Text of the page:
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For instance, would it be okay for a user to ask "How is the execution of Charles I in 1649 viewed in modern day Britain?" This seems like a subjective question and not every Briton will have the same view on the topic, but I can understand where the question is coming from. The user may wish to know, for instance, whether the execution is viewed as a 'stain' on British history or a celebrated overthrow of a treasonous monarch.

  • The vast majority of such questions will be subjective. Even if there is public opinion polling available, opinion polls are subtle tools and require interpretation and crafting. Would such questions help us to understand or practice history? And I suspect the answer to such questions has more to do with politics than history. – Mark C. Wallace Nov 16 '15 at 2:07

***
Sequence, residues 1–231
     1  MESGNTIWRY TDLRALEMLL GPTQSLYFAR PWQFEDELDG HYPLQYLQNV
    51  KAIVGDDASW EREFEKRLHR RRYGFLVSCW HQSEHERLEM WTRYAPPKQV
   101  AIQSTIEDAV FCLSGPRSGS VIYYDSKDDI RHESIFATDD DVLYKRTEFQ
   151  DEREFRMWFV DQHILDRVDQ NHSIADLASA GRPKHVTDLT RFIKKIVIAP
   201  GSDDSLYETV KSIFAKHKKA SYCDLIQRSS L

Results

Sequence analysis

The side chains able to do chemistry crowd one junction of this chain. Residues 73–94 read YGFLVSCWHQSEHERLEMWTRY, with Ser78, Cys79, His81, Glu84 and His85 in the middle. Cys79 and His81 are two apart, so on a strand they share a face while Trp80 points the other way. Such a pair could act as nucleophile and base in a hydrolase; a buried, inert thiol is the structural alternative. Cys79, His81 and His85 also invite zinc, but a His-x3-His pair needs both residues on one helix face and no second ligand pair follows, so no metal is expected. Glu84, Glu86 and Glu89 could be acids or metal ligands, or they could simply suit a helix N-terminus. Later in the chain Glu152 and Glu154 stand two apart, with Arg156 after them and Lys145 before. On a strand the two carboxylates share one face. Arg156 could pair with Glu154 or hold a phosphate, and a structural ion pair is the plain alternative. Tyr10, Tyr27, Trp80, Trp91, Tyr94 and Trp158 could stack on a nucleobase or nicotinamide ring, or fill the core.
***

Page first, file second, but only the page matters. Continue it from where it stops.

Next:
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Good question, and I think Mark's comment is right. Any question along the lines you proposed would invite lots of subjective answers. Your instincts are right that this question would be subjective. I think if a question could be worded in such a way that a valid answer would convey a historical viewpoint for a society, or prevailing viewpoint, that might work.

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